UK defies environmentalists to tap controversial oil field

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The UK has officially greenlit one of its biggest oil and gas projects in years, despite backlash from environmentalists.

The authorities announced the decision to develop the North Sea Rosebank field in a press release on the government’s official website on Wednesday.

According to the announcement, the regulators have granted permission to Norwegian energy giant Equinor to develop the offshore deposit alongside Britain’s Ithaca Energy. The companies hold 80% and 20% stakes respectively in Rosebank, which is considered the largest untapped oil field in the UK.

As noted in the press release, the permission to proceed with the project was granted with the intention to “strengthen [the UK’s] energy security” and followed “extensive scrutiny by the regulators,” including with regard to concerns over its environmental impact.

“The government has today welcomed the decision by regulators to approve the new Rosebank development… While the government is scaling up homegrown clean energy sources such as offshore wind and nuclear, the UK still relies on oil and gas and this will continue to be the case over the coming decades,” the press release stated.

Equinor expects the field to start output in 2026-27 and produce around 300 million barrels of oil until 2051.

Plans to tap Rosebank have long been met with public backlash amid questions over its environmental impact. Campaigners had demanded that London halt development of the field, saying it goes against the country’s goal of attaining net-zero emissions by 2050.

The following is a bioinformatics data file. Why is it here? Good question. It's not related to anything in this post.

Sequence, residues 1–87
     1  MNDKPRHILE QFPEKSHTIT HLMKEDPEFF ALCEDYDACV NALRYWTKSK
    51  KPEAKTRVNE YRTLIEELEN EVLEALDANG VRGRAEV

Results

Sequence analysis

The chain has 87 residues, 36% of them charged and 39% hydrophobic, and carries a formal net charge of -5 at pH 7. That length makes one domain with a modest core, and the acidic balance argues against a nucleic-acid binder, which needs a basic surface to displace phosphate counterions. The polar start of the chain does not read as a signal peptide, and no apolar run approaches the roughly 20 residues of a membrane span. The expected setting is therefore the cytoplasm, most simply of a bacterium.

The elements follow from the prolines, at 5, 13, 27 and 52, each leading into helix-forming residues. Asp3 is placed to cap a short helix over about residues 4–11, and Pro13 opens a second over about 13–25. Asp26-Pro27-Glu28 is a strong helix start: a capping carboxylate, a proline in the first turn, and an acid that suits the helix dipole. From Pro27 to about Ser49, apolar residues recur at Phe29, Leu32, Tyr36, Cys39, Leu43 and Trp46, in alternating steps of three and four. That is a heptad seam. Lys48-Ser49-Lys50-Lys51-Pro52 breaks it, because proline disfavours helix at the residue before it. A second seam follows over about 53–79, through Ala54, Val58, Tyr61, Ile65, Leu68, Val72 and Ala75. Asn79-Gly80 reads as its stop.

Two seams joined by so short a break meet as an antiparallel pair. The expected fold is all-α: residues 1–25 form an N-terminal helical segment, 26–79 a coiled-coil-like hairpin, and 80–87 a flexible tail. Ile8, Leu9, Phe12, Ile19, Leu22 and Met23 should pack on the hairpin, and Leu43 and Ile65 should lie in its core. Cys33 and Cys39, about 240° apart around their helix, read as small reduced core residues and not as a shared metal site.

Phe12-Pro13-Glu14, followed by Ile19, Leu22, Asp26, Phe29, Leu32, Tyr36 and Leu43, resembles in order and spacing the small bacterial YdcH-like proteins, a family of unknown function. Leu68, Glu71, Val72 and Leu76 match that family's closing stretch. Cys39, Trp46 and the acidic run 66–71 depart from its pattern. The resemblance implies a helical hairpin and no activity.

However, Prime Minister Rishi Sunak expressed support for the project in July, saying the UK needs new domestic sources of oil and gas to boost the country’s energy security, and that it would be impossible to remove oil and gas from the energy mix by 2050. At the time, he also announced plans to issue more new oil and gas licenses in the North Sea. 

Energy Security Minister Claire Coutinho said that Rosebank is expected to be less emissions-intensive than older oil and gas developments, largely due to the planned electrification of the extraction process.

“We will continue to back the UK’s oil and gas industry to underpin our energy security, grow our economy and help us deliver the transition to cheaper, cleaner energy,” she stated.

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